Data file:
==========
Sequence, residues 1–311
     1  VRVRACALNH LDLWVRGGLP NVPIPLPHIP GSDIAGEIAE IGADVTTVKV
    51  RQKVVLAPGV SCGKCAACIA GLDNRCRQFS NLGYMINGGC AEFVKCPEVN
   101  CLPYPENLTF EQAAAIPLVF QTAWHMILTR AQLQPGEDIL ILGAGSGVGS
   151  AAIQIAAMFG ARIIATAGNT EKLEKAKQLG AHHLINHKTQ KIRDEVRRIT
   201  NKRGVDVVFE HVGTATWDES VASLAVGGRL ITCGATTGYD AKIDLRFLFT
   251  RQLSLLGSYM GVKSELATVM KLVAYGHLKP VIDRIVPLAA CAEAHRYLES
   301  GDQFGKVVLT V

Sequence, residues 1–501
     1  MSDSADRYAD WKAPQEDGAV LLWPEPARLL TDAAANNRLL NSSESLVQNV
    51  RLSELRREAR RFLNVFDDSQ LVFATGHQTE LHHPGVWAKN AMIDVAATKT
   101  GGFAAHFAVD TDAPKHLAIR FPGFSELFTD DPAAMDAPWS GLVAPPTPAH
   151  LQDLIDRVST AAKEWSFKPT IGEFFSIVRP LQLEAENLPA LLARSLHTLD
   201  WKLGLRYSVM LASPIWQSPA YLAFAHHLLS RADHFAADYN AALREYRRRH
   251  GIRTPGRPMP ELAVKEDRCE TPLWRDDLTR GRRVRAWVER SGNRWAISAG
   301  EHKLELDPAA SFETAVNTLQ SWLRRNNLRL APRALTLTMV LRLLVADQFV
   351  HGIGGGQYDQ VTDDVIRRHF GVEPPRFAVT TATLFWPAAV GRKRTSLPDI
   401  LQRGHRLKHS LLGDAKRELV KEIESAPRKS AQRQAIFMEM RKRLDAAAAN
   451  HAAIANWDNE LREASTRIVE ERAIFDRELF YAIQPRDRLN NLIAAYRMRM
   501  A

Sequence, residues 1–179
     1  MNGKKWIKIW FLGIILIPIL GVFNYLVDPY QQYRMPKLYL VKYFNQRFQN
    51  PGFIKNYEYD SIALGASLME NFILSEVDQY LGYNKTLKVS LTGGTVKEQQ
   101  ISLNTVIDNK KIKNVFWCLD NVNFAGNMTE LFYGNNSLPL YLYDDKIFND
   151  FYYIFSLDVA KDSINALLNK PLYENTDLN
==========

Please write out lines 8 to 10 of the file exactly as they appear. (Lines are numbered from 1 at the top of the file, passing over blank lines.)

   301  GDQFGKVVLT V

Sequence, residues 1–501
     1  MSDSADRYAD WKAPQEDGAV LLWPEPARLL TDAAANNRLL NSSESLVQNV